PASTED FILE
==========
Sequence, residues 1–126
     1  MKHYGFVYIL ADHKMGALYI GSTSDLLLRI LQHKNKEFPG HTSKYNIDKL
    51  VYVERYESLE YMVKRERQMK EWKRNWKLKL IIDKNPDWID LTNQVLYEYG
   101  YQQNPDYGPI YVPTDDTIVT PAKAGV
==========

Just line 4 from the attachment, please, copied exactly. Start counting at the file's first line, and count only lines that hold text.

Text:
   101  YQQNPDYGPI YVPTDDTIVT PAKAGV